MS newly diagnosed at age 70

Diagnosed at 70; that’s good news!

By Connie from Arkansas

I always knew that if I lived long enough, I would become famous for something! I am the oldest living newly diagnosed person at two different MS clinics. I was diagnosed three years ago at age 70 in Denver, Colorado.

When my first symptoms appeared – slurring words, stumbling gait, and moving in slow motion – a mild stroke was the first suspicion. With this in mind, my family practitioner sent me to the hospital.

After two days of tests, the neurology team came into my room to bring me the grim news. I did not have a stroke. It was multiple sclerosis. I startled them by breathing a sigh of relief and then starting to laugh. I tried to explain that they had just told me that I did not have a stroke, Alzheimer’s disease, Parkinson’s, cancer, or congestive heart failure. I could handle multiple sclerosis!

Suddenly, a lot of physical occurrences over the last thirty to forty years started to make sense. I had experienced the blurred vision, stumbling, periods of extreme fatigue, and one bad episode in 1985 when my right side became numb.

I was fortunate in that I chose dietetics for my major in college, teaching me how to eat healthy foods and to exercise. After a skiing accident, which led to six surgeries and a lot of nuts and bolts in both legs, I started swimming laps and attending water aerobics classes. I truly believe that water aerobics is one of the reasons I am still in relatively good shape at the age of 73. It is a wonderful program for keeping your muscles flexible and keeping you moving without additional stress.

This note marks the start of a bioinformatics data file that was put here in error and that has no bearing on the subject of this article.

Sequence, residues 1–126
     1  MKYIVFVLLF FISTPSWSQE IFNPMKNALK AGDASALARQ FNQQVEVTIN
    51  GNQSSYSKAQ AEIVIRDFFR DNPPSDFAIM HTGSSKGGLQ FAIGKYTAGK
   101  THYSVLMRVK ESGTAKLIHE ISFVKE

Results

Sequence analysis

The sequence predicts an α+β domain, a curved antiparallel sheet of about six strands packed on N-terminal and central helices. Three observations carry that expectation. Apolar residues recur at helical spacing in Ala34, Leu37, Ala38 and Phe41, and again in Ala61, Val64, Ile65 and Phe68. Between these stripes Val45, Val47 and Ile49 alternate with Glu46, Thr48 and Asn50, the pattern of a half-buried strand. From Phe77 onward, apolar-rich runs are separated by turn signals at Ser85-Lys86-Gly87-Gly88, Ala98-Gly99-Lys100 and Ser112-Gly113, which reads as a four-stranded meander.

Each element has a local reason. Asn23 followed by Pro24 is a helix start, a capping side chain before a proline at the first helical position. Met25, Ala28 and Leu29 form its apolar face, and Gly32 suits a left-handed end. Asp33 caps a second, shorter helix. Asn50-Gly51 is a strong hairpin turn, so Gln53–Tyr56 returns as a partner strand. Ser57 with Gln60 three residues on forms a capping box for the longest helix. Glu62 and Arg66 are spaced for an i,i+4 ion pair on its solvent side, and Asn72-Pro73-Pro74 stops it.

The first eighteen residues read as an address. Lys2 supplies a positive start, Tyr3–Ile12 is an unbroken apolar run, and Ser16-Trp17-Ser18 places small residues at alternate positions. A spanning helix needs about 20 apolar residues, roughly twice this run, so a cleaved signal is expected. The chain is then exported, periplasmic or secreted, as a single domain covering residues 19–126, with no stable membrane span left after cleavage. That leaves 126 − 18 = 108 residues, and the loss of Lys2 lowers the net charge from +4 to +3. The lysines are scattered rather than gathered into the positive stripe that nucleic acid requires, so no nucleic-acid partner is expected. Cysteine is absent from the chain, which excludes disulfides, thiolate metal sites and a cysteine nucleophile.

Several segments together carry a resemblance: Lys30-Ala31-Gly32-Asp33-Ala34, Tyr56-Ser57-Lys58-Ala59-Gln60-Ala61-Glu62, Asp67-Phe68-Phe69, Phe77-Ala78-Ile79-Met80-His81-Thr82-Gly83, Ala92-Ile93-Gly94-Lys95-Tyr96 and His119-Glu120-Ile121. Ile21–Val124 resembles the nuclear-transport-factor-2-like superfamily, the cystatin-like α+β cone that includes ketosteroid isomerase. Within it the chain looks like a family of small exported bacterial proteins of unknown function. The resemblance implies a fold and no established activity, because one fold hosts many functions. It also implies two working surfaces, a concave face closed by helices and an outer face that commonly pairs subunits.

Interestingly, my arms became numb about two months after I stopped taking estrogen tablets. I had read that a woman with MS feels very good when she is pregnant, at which time her estrogen levels are raised. I consulted a doctor friend, and despite information about potential heart problems, I went back on a low dose of estrogen. Within two months, my arms were no longer numb.

As for the memory loss, at my age it is difficult to determine if the memory loss is due to the MS or just old age. Most of my friends have similar problems. I simply buy more yellow stickies! (Also known as “Post-it®,” notes, used to leave little reminders around the house.)

Of course, I do need to prepare for whatever is ahead of me. I purchased a one-level house with no steps anywhere. I have taken doors off, put in sliding doors, hanging pot racks, slide-out shelves, and have generally made the home wheelchair accessible. My theory is, “If I am ready, it won’t happen; if I’m not, it will.”

I relate to Teri Garr, her symptoms, and her outlook; her story has convinced me that I am on the right track. I keep my eye out for new adventures, I keep laughing, I cheer up my friends when they get a sympathetic look, and above all, I surround myself with upbeat people.

I truly feel that in spite of the MS, I am a survivor, and one of the lucky ones! My husband says, “You are easy to live with 98 percent of the time!” I have a doctor who tells me, “You are in really good shape for the shape you are in!” And I have three sons who simply call me, “One tough old broad.” It doesn’t get much better than that.

Editor’s note: Connie’s decision to stay on estrogen is based on her own, personal experience; MSAA does not promote any specific drug or treatment; readers are cautioned not to make any changes to their treatment regimens without consulting their physician.

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